A multi-year, $1.65-million contract for city office supplies will go to Office Depot, pending approval by the City Council tonight (Tuesday).
Beating out four office suppliers—including two local vendors—Office Depot has won a bid to provide the city with recycled paper and miscellaneous office products, at $550,000 a year over three years. If approved, the contract takes effect, retroactively, July 1.
Office Depot was “the lowest bid, and we also require being able to order our stuff online. Anybody that had that we considered,” said Fran David, city director of finance.
The next lowest bidder, Office Max, came in about $35,000 higher than Office Depot. Corporate Express, Alko and Radstons, whose Berkeley store closed Saturday, also submitted bids. Alko, located on Shattuck Avenue, was the only company that did not offer sufficient online ordering, David said.
The city spends an average of $537,000 a year on office products. The cost of paper and supplies has increased by 6.8 percent and 2.4 percent, respectively, over the last year, according to a staff report.
This is the first time in nine years the city initiated its own competitive bid process for office supplies, David said. Until recently, the city had to piggyback on contracts of other municipalities because it lacked the staff to generate requests-for-proposals, she said.
The process affords local companies the opportunity to vie for the city’s patronage, the staff report says. In 1983, the City Council adopted a resolution that gives preference to local businesses for city purchases between $100 and $10,000 (now $25,000).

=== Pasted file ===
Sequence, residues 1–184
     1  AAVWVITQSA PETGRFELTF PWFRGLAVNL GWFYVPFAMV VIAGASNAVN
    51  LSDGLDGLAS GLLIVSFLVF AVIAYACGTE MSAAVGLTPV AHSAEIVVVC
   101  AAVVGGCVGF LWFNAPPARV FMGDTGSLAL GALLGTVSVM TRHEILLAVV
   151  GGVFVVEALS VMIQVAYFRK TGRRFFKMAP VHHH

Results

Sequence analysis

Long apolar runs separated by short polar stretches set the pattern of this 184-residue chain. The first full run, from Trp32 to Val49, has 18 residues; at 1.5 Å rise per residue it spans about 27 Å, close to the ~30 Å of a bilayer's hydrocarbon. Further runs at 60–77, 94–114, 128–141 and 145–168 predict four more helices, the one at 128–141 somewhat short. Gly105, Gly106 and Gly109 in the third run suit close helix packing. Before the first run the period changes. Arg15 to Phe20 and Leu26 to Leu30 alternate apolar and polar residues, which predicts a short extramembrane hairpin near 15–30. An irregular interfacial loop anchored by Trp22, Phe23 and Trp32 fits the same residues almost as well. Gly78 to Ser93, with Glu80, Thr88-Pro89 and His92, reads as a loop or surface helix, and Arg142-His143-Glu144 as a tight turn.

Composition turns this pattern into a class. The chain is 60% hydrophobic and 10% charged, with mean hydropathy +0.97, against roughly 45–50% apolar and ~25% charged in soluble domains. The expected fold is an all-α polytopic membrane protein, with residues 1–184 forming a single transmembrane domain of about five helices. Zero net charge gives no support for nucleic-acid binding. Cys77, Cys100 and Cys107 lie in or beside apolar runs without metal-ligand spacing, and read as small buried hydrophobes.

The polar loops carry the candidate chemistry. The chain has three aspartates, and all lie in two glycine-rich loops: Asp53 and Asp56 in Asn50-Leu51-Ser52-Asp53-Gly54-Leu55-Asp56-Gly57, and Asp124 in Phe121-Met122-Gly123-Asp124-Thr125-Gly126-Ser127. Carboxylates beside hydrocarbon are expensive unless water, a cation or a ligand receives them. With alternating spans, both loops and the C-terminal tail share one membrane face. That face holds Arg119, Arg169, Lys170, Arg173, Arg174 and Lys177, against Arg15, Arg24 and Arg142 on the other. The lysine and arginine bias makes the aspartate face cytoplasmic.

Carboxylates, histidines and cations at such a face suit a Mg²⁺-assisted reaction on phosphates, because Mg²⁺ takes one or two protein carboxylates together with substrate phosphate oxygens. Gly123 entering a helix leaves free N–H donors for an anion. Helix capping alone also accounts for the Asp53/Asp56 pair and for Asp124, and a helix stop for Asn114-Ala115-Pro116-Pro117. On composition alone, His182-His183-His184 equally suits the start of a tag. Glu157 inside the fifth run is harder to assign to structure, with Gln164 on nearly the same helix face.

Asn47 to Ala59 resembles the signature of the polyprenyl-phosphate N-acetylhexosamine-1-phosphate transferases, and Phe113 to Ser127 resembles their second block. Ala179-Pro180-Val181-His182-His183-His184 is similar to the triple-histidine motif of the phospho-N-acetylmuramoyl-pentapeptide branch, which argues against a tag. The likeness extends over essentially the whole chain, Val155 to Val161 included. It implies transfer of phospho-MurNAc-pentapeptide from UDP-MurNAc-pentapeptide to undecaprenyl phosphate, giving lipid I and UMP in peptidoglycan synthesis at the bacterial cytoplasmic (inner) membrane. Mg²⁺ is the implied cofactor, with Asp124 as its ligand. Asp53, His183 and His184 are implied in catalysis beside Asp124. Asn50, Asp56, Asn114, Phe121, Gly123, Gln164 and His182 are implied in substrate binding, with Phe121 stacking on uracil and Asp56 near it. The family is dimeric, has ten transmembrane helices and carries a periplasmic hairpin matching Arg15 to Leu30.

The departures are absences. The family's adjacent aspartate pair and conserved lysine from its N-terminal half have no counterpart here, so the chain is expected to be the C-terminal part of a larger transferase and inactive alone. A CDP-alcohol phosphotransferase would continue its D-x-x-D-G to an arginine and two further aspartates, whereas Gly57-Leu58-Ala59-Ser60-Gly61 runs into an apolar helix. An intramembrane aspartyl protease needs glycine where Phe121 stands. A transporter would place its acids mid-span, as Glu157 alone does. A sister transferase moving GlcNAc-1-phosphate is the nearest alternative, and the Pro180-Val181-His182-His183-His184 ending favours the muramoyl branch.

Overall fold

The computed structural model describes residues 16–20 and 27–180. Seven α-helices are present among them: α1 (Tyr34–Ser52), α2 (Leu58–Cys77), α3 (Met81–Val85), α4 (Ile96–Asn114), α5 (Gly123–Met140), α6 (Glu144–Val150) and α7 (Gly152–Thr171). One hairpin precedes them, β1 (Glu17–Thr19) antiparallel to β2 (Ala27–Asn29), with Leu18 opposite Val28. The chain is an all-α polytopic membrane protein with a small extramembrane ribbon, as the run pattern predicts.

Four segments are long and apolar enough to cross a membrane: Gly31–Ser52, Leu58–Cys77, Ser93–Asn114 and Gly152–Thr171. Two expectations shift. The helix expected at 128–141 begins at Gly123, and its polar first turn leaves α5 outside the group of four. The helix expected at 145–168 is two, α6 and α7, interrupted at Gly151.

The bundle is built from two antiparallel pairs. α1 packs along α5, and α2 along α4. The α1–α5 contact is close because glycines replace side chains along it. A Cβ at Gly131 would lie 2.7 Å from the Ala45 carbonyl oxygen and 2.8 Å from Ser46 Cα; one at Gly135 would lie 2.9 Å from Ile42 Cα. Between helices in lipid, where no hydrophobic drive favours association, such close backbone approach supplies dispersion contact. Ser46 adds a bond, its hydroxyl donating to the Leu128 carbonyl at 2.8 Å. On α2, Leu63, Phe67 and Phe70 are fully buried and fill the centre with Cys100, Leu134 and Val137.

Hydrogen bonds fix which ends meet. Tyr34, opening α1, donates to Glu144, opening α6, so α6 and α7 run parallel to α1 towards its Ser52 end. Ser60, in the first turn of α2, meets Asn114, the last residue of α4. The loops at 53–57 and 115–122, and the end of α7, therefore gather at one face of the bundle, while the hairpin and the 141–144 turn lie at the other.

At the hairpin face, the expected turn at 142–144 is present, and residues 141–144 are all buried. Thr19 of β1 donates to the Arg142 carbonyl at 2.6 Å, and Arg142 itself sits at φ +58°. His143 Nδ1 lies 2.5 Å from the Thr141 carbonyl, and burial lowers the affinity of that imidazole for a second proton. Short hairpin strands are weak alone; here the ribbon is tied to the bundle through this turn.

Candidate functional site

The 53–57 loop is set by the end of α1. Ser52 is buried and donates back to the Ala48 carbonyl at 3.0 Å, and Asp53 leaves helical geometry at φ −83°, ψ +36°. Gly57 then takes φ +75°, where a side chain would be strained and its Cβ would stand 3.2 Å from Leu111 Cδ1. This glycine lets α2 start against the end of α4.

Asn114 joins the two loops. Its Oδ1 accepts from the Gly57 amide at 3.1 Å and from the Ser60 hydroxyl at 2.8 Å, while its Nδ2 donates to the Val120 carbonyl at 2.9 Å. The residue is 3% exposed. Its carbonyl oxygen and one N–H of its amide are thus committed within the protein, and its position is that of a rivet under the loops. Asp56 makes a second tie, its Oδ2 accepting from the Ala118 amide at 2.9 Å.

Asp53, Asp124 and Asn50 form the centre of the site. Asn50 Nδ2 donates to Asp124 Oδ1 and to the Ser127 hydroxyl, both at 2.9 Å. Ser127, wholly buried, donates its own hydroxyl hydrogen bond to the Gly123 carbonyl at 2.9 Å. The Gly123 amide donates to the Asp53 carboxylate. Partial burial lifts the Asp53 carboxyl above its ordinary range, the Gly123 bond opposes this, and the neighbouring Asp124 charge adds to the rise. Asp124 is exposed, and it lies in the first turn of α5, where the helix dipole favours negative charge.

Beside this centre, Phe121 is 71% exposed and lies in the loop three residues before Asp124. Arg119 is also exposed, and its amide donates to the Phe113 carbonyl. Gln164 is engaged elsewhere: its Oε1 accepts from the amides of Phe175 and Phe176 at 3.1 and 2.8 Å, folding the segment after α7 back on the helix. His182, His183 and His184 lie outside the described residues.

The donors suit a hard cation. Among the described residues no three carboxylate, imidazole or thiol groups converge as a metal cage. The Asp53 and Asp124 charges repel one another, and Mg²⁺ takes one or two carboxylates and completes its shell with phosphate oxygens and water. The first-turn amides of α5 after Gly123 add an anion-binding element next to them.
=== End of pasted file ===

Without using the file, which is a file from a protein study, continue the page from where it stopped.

Over that amount, though, “we can’t give any preference for local business, because it’s not legal,” David said.
Office Depot distributed most of the city’s office supplies from 1999 to 2005. Last year, the city reallocated the bulk of its business to Corporate Express, also an international company, because Office Depot failed to offer recycled processed chlorine-free (PCF) paper. (Office Depot now offers PCF paper.)
Office Depot, a Florida-based conglomerate that operates in 23 countries, generates more than $14 billion a year in sales. The company has a storefront in Berkeley and donates 5 percent of its annual city taxes to the Berkeley Unified School District, the staff report says. A company representative could not be reached to comment by press time.
Local suppliers who bid on the contract have expressed frustration at losing out to a major corporation.
“I think it’s stupid they don’t consider the value of keeping resources at home,” said Gary Shows, owner of Alko, a Berkeley business for 35 years. “I think it’s wrong.”
The city contracted with Alko about 10 years ago but withdrew its support when Office Depot entered the scene, Shows said. City dollars earmarked to Alko have steadily declined over the years, down from about $15,000 in 2003 to $7,000 last year.
Radstons Owner Diane Griffin told the Daily Planet last month she was hopeful of securing the three-year contract. Griffin had just announced that the company, a Berkeley institution since 1908, would lay off workers and close its downtown storefront in July, due to financial hardships. (Radstons has a distribution center and retail complex in Hercules.)
“In my situation, I’m letting my employees go, and this would have salvaged two of my longtime employees,” Griffin said in a phone interview Friday. “If they understood the impact of buying from a local vendor, they would understand the impact of where the money goes and where the money stays.”
Radstons contracts with other municipalities and city departments including the Metropolitan Transportation Commission, Oakland Housing, UC Berkeley and the city of Richmond, Griffin said. Radstons was equipped to supply the city of Berkeley with the gamut of its office needs, she said.
“I’m disappointed, safe to say,” she said.
The contract is up for approval on the City Council’s consent agenda tonight. The council meets at 7 p.m., at 2134 Martin Luther King Jr. Way.